It’s been a pretty long time now since Adobe’s Flash Player hasn’t been the community favorite. In fact, its fall from grace was made official when Google decided to remove it from its Chrome browser where it was previously reigning as the default solution. Now, that role is filled by HTML which is considered not only the better one but also the safer one.
For those that aren’t aware, huge security problems with Flash made everyone drop the service and move to HTML. The process is still underway as it’s impossible to move everything instantly. While most websites are now offering an HTML experience, the core, top visited few websites of the world are still using Flash because they need more time to re-route such immense followings to HTML. Eventually however, HTML will be the only needed service.
After Google did it with Chrome, it would seem that Microsoft has also pulled the plug on ol’ Adobe Flash Player with the release of its newest update, the Creators Update. On the Adobe forums, users are asking whether or not Flash has been disabled on Windows 10 and if the new update is responsible. Here’s what users had to say about their experience with the recent Flash changes to Windows 10:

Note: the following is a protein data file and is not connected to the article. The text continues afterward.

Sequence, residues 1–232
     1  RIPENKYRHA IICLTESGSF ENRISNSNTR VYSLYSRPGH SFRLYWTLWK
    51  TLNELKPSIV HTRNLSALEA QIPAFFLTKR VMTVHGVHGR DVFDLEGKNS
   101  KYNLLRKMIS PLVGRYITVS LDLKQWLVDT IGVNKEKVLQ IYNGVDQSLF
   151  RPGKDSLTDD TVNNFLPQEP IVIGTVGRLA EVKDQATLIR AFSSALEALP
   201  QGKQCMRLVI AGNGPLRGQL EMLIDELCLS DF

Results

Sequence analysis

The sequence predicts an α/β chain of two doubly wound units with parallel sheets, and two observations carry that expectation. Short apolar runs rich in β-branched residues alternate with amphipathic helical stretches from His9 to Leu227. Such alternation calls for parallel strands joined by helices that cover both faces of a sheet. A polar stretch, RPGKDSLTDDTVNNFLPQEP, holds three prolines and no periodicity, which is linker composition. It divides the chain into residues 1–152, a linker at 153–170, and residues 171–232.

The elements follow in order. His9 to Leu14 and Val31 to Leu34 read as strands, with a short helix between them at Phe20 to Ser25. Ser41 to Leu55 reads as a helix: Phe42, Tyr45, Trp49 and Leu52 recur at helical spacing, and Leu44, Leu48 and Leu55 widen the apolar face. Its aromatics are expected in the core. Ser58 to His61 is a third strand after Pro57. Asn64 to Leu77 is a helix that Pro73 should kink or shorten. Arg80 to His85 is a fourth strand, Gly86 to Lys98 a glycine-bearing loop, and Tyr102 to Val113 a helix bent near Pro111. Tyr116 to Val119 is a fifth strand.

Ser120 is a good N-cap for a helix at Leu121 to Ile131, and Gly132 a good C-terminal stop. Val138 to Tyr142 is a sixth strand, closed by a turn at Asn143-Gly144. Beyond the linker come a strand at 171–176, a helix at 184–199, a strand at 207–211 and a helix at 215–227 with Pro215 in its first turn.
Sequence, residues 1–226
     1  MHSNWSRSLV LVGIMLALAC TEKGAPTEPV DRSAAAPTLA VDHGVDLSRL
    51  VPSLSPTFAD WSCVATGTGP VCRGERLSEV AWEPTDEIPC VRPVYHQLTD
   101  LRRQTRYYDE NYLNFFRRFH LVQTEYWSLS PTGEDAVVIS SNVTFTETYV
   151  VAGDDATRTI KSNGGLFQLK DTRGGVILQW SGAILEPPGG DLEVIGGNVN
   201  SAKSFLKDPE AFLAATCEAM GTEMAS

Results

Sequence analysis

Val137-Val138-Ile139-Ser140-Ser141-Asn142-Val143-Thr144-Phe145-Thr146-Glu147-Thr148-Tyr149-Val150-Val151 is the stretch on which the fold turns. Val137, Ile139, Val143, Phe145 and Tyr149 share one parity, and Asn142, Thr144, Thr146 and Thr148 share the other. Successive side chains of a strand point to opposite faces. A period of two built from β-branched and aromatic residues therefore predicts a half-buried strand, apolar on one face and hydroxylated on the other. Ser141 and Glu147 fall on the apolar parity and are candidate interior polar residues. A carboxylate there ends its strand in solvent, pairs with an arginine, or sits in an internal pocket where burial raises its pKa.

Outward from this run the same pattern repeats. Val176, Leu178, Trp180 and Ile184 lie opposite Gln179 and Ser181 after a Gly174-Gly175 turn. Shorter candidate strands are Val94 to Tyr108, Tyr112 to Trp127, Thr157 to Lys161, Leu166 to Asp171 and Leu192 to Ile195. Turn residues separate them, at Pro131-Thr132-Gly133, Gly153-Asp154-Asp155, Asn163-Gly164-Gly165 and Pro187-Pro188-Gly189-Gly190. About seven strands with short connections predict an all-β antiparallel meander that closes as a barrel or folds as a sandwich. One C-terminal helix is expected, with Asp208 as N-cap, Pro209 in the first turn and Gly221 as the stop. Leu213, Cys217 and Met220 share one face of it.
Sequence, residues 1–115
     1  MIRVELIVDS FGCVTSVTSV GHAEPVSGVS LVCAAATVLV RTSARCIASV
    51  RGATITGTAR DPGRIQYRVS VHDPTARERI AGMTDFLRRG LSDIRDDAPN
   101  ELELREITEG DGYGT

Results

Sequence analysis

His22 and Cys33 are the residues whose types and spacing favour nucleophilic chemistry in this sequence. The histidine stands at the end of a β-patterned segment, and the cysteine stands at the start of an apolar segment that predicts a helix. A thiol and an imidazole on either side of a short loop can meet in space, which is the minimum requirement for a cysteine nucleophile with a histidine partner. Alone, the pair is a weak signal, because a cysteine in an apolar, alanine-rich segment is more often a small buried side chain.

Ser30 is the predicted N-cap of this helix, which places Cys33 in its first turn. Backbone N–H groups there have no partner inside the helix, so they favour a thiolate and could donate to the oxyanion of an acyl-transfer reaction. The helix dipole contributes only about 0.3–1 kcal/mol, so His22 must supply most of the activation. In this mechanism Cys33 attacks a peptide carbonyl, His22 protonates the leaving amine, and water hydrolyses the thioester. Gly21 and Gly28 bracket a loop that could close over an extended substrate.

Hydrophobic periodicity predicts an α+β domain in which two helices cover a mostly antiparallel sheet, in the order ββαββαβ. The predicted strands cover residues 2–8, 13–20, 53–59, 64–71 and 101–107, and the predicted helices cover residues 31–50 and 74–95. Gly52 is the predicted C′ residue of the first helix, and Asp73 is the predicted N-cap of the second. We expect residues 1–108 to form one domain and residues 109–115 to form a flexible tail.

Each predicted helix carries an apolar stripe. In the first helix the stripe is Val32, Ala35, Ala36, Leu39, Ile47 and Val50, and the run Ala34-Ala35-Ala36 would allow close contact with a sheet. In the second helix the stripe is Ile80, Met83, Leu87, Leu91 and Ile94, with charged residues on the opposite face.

“In this update Microsoft changed the default behaviour of Flash as it moves to preferring HTML5 over Flash in Edge, and setting Flash as click-to-play by default.”
What this basically means is that Microsoft has changed the way its internet browser Edge uses Adobe Flash Player. While it has not been removed from the browser, it has been given a more secondary position as it is taking a seat on the bench in favor of HTML. However, despite it being benched so that HTML can become the principle service in use, Edge also allows users to turn on Flash manually for websites that use Flash or have Flash content. When such websites are visited, Edge will use HTML but will prompt the user visually with an icon in the browser bar. From that icon users will be able to change how Flash is used for that websites (which pretty much means turning it ON).
Despite HTML being undoubtedly the better variant here due to its considerably more reliable security but also due to its increased performance, it’s great that Microsoft has made it so those who want to use Flash still can do so without having to constantly go back and forth between which of the two is the default option.
Even though this options keeps Flash afloat, it is still one more step in the wrong direction as another major player has removed it as the default option. With Microsoft Edge no longer supporting Flash fully, there doesn’t seem to be much hope left for the once universally default service.